Q: I’m a devoted, divorced dad, recently remarried. My ex-wife is still single, although dating. My 9-year-old daughter was edgy since getting back from an overnight with her mom. She was “tightly wound” when she came home, which had become a trend. I finally had to speak frankly with her, because she was reacting defensively to everything. I thought she just needed more snuggles, more attention, more me, but instead we ended up talking about all kinds of things. The heart of it was my daughter feeling her mom’s comments usually have a subtext intended for her to feel bad, guilty, insecure, or out-of-favor. She also shared that her mom says nasty things about me and my wife. My daughter returns to me ready for battle. I need help on how to help my kids (also have a son, 6) transition back and forth more smoothly. I thought we had sound agreements in place — between my ex-wife, me and my new wife. It’s exhausting. Your thoughts?

A: Thank you for this question, which really underscores the importance of respecting children’s feelings and their boundaries. So often they become the casualties of their parents’ unhealed emotions, their residual hostility. Although I’ve written about this many times, it bears reinforcement, as what you describe is sadly not an unusual dynamic. Your sensitivity in addressing the emotional root of your daughter’s unpleasant behavior is commendable, instead of reacting to how it manifests on the surface. Speaking with your daughter about her needs, boundaries, and communication is a great starting place. It seems she may feel safe enough to “ready for battle” when returning to your home, needing to release those intense emotions. It could also be she simply can no longer contain her frustration and anxiety. Either way, try shaping your home as the safe place for an ongoing “living laboratory” in which to practice different role plays — helping her try various approaches of what to say, how to ask for what she needs, how to communicate feelings honestly and assertively, with setting boundaries. That will help her determine what works best for her, while “playing” it out with you and your wife. She can then feel more confident speaking up at her mom’s when any uncomfortable comments are made. It’s important to support her in this ongoing practice, in finding what works best for her — an empowering exercise for her in any relationship. In doing this, simply listen to and validate her emotional experience, without engaging in negative remarks about her mom.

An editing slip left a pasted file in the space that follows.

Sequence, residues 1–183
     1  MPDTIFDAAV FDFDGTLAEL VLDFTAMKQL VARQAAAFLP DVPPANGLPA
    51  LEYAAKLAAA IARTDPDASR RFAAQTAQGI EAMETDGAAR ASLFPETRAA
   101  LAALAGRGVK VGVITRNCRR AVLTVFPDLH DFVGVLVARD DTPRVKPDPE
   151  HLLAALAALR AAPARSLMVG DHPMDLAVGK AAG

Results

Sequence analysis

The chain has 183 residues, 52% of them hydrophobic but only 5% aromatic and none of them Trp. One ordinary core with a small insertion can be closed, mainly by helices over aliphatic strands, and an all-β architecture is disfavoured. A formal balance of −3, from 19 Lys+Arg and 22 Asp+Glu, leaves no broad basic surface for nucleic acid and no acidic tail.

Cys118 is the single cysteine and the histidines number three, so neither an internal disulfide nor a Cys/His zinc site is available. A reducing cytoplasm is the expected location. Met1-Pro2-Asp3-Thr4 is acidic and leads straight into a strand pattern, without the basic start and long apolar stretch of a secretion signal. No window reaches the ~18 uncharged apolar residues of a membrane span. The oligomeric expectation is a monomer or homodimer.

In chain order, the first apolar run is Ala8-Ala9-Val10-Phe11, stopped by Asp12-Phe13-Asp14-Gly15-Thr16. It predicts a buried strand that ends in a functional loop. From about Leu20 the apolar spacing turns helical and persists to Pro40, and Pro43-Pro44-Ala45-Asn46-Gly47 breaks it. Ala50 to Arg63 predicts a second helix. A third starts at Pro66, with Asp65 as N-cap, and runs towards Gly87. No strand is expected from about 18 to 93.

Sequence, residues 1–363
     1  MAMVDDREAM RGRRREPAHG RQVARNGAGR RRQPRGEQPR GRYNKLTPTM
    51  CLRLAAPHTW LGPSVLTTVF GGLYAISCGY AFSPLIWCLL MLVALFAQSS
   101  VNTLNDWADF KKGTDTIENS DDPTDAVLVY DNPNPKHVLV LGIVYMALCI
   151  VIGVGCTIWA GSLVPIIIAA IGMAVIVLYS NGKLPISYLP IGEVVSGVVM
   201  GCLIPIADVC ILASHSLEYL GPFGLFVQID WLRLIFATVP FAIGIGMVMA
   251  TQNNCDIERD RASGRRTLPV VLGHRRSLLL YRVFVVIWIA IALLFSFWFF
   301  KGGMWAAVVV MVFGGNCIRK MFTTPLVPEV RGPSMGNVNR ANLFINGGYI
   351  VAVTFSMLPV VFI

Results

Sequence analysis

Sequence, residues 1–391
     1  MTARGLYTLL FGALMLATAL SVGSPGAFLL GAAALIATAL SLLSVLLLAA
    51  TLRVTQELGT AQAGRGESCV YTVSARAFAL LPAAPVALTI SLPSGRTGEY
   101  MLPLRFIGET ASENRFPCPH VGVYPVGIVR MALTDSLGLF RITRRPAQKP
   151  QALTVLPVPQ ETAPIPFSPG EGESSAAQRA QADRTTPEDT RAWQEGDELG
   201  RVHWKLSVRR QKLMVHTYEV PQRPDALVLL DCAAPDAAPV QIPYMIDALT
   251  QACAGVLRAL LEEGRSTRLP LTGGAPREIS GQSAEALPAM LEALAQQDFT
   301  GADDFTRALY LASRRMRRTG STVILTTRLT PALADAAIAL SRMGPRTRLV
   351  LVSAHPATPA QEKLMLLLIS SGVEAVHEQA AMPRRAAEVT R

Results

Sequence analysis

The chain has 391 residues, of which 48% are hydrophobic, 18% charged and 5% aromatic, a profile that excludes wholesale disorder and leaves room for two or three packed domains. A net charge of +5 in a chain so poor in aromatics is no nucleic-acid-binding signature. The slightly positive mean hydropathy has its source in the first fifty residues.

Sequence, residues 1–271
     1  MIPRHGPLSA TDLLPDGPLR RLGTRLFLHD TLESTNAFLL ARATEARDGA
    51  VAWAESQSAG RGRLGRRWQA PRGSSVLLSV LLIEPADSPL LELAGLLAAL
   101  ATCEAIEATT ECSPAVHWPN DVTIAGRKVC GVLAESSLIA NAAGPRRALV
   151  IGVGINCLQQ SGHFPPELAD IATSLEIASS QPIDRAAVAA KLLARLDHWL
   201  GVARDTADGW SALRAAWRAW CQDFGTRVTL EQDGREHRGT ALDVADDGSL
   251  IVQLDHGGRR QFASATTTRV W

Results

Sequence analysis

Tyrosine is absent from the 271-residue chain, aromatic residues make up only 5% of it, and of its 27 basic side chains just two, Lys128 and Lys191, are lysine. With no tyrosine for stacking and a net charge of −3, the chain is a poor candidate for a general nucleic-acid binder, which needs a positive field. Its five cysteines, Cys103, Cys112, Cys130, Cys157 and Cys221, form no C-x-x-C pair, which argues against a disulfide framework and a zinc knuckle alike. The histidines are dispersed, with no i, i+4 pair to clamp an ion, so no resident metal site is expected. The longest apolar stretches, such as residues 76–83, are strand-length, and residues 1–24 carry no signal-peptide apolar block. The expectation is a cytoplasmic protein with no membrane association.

The next step is to speak openly with your children about how they can “unpack” their emotions, to more seamlessly transition between homes. I use a backpack metaphor with children, helping them understand, that just as they carry their clothes, school supplies, homework, etc., between homes, they also carry an emotional mix in their backpacks, which often adds considerable weight. It helps them learn problem solving with how to optimally process those feelings. Establish a consistent, predictable ritual before they leave your home, and when they return, pacing the transitions as calmly and peacefully as possible. Rushed, angry, stressful transitions are emotionally damaging to children — all that anxiety is carried in their backpacks between homes! Meanwhile, let your daughter know you will always listen to her, that it’s safe to openly address with you any fears, concerns, emotional difficulties she’s having.

Finally, revisit the agreements to which you referred having established with their mom. Perhaps it’s time for you both to revisit the agreements, addressing what’s in the children’s best interests. Rather than initiating potential confrontation, ask your ex-wife if there are lingering concerns that could be getting in her way with the co-parenting, asking how you can be most helpful in supporting her parenting. Always start with what you most appreciate she’s doing well or that’s helpful (everyone has something positive to acknowledge), focusing on something positive the children possibly have shared that was fun with her. Validate how challenging the job of single parenting is during her “on duty” time, expressing appreciation for taking such good care of your children. At that point, it’s a good time to review how the agreements are working for your children and how you can do better with collaboration. Above all, I believe parents want what’s best for their children, thus appealing to their better sensibilities usually brings a positive outcome.

“This is probably one of the most difficult challenges any parent could face — learning to love the other parent enough to make the children first.” — Iyanla Vanzant